SUPPORTING PARENTS AND FAMILIES
Parent and child experiences using a hydrophilic or reused PVC catheter for intermittent catheterisation
Article first published online: 24 JUL 2012
© 2012 Blackwell Publishing Ltd
Journal of Clinical Nursing
Volume 22, Issue 3-4, pages 513–520, February 2013
How to Cite
Chick, H. E., Hunter, K. F. and Moore, K. N. (2013), Parent and child experiences using a hydrophilic or reused PVC catheter for intermittent catheterisation. Journal of Clinical Nursing, 22: 513–520. doi: 10.1111/j.1365-2702.2012.04066.x
- Issue published online: 10 JAN 2013
- Article first published online: 24 JUL 2012
- Accepted for publication: 9 December 2011
- hydrophilic catheter;
- intermittent catheterisation;
- spina bifida
Aims and objectives. To highlight the challenges faced in adjusting to intermittent catheterisation for families and children affected by spina bifida.
Background. Toileting is a particular issue for children with spina bifida resulting in difficulty emptying their bladder. Management of incomplete emptying is intermittent catheterisation, which is now part of routine clinical care. The physical benefits of intermittent catheterisation are critical to renal health, and significant attention has been paid to this; less attention has been given to the personal aspects for the family or older child.
Design. A descriptive study of satisfaction with two products for intermittent catheterisation: polyvinyl chloride and hydrophilic catheters based on data obtained from a randomised controlled trial on urinary tract infections in catheter users.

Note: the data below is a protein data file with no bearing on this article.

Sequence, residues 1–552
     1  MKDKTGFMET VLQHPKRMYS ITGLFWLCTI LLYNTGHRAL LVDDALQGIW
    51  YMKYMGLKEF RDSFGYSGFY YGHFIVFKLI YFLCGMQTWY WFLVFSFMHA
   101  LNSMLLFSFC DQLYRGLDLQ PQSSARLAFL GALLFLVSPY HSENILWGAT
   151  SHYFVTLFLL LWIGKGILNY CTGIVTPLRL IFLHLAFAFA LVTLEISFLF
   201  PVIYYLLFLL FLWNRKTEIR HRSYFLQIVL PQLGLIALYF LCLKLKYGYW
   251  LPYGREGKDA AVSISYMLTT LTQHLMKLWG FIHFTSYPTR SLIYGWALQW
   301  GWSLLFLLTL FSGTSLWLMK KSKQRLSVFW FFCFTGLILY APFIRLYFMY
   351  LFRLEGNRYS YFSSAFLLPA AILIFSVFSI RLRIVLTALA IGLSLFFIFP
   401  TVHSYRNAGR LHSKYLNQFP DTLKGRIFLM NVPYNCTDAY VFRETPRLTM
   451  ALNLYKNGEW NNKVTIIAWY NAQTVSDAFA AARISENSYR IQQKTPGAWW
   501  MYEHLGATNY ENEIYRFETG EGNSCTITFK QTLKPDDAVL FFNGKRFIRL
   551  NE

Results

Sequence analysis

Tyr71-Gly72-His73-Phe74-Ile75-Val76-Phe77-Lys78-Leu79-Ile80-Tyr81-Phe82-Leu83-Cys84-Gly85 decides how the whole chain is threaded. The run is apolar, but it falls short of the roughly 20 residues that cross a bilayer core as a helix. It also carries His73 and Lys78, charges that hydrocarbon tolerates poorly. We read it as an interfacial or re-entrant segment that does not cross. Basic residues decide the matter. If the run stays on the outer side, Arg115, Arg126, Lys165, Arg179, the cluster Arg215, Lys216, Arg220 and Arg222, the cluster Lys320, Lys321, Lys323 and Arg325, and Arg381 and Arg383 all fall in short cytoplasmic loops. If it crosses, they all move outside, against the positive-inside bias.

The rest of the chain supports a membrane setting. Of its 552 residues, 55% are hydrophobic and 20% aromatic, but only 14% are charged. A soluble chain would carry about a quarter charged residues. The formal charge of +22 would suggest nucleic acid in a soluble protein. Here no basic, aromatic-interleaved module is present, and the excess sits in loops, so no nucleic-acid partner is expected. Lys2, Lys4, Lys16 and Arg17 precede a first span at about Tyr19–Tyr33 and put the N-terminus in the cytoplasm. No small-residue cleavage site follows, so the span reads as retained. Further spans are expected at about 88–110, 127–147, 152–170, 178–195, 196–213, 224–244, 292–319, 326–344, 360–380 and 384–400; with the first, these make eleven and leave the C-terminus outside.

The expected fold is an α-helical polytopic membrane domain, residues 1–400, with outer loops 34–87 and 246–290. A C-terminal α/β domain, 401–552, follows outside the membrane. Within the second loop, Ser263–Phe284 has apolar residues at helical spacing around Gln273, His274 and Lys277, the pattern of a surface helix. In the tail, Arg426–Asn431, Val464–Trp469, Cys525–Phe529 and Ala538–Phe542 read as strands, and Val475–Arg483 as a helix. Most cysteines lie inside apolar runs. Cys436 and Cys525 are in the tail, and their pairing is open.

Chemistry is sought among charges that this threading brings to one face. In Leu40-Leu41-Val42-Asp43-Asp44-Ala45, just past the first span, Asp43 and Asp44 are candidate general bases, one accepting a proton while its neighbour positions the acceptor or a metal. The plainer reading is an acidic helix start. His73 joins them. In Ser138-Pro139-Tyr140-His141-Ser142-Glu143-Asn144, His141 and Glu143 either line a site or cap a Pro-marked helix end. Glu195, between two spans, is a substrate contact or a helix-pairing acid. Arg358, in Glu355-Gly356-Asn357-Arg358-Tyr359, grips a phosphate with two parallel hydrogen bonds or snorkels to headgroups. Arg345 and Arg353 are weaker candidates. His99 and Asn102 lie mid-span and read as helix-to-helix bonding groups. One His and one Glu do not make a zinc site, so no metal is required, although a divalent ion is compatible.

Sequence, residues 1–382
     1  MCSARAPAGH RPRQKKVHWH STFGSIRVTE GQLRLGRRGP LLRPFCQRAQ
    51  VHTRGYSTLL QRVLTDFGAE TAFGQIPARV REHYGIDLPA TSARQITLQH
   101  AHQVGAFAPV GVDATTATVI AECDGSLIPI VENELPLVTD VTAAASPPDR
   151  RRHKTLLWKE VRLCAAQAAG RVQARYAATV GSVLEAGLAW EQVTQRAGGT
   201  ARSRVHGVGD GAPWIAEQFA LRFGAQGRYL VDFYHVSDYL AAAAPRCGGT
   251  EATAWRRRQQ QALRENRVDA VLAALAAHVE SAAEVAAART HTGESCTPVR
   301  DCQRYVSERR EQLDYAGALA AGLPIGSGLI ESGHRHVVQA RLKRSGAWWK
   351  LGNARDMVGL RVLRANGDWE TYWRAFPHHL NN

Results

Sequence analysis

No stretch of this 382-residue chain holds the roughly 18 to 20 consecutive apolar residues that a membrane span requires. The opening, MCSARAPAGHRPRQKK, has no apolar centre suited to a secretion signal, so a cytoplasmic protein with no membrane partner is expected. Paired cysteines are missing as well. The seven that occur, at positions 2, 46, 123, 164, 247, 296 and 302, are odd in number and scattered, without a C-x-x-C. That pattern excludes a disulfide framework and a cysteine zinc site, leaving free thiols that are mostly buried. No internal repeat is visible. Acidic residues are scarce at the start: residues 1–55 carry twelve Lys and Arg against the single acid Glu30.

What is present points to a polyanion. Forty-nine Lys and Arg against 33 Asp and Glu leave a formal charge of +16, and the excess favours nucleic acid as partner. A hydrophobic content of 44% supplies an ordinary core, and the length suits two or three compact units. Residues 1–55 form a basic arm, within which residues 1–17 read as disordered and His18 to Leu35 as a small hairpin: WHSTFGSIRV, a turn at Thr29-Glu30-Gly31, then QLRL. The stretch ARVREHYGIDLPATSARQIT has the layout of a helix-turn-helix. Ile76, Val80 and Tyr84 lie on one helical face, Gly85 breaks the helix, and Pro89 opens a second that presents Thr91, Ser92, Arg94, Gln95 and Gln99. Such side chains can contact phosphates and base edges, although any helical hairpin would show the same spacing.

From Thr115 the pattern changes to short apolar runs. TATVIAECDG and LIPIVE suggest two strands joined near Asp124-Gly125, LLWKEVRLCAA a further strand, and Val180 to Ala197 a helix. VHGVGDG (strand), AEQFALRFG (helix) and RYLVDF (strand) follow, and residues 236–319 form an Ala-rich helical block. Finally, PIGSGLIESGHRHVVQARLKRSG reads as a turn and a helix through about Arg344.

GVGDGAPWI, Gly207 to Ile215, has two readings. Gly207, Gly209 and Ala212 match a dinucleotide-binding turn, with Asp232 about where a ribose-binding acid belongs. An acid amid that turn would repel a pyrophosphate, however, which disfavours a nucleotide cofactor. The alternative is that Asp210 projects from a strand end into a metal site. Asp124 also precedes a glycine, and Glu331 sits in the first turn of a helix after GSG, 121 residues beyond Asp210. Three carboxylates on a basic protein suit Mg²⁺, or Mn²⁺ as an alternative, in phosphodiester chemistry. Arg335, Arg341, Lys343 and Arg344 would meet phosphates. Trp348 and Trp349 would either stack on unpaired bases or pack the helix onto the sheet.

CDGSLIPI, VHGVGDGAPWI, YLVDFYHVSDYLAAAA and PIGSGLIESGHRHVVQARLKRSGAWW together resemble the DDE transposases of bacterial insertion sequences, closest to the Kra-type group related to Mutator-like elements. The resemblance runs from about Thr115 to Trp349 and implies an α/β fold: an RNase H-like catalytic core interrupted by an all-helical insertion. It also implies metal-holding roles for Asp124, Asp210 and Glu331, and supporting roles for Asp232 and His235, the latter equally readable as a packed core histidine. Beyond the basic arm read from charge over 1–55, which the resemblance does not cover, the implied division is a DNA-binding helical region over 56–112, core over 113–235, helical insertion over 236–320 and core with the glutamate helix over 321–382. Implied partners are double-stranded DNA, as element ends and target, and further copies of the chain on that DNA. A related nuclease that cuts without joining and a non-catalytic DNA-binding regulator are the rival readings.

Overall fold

Methods. At the end of each of the polyvinyl chloride and hydrophilic study arms, parents or older children completed a ‘Satisfaction Questionnaire’ and then participated in a follow-up interview. Data were analysed for emerging themes.
Conclusions. Three themes emerged: adjustment, ease of use and self-reliance. Key findings include: increased independence and confidence of the child catheterising using the hydrophilic catheter, self-management strategies to successfully manipulate the slippery hydrophilic catheter and reasons for the lack of success, and identification of participants who preferred polyvinyl chloride catheters. Descriptive data revealed potential areas where a hydrophilic catheter could improve the lives of the family and child as well as noting the need for user choice in product selection.
Relevance to clinical practice. Listening to the stories of children and families increases the nurse’s ability to act as a guide as families struggle to assist their children in reaching their potential. Incontinence has been demonstrated to be the cause of self-isolation potentially leading to a decreased sense of self-worth. Ambulatory care nurses play a large role in helping families find the routine and resources necessary to reduce the incidence of incontinence, in children with spina bifida.